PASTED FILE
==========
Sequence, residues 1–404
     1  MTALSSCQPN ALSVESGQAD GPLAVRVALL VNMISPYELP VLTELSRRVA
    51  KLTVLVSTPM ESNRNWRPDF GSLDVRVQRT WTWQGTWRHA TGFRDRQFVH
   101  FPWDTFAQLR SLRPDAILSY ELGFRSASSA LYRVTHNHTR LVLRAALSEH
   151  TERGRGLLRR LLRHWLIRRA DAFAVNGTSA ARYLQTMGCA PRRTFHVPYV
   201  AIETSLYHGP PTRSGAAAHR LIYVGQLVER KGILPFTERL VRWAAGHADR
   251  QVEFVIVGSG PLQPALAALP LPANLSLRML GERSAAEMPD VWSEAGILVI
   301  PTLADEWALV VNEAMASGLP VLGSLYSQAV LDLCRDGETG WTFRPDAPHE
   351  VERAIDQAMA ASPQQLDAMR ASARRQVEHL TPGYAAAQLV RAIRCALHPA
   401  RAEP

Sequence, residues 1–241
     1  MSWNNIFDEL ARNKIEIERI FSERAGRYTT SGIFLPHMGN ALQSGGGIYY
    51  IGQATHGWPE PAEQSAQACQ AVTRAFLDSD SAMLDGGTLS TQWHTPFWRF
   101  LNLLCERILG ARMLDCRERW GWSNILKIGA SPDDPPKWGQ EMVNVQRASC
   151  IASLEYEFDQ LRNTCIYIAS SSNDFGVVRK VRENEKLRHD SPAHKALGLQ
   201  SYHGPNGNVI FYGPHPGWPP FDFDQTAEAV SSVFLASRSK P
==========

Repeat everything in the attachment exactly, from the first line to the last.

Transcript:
Sequence, residues 1–404
     1  MTALSSCQPN ALSVESGQAD GPLAVRVALL VNMISPYELP VLTELSRRVA
    51  KLTVLVSTPM ESNRNWRPDF GSLDVRVQRT WTWQGTWRHA TGFRDRQFVH
   101  FPWDTFAQLR SLRPDAILSY ELGFRSASSA LYRVTHNHTR LVLRAALSEH
   151  TERGRGLLRR LLRHWLIRRA DAFAVNGTSA ARYLQTMGCA PRRTFHVPYV
   201  AIETSLYHGP PTRSGAAAHR LIYVGQLVER KGILPFTERL VRWAAGHADR
   251  QVEFVIVGSG PLQPALAALP LPANLSLRML GERSAAEMPD VWSEAGILVI
   301  PTLADEWALV VNEAMASGLP VLGSLYSQAV LDLCRDGETG WTFRPDAPHE
   351  VERAIDQAMA ASPQQLDAMR ASARRQVEHL TPGYAAAQLV RAIRCALHPA
   401  RAEP

Sequence, residues 1–241
     1  MSWNNIFDEL ARNKIEIERI FSERAGRYTT SGIFLPHMGN ALQSGGGIYY
    51  IGQATHGWPE PAEQSAQACQ AVTRAFLDSD SAMLDGGTLS TQWHTPFWRF
   101  LNLLCERILG ARMLDCRERW GWSNILKIGA SPDDPPKWGQ EMVNVQRASC
   151  IASLEYEFDQ LRNTCIYIAS SSNDFGVVRK VRENEKLRHD SPAHKALGLQ
   201  SYHGPNGNVI FYGPHPGWPP FDFDQTAEAV SSVFLASRSK P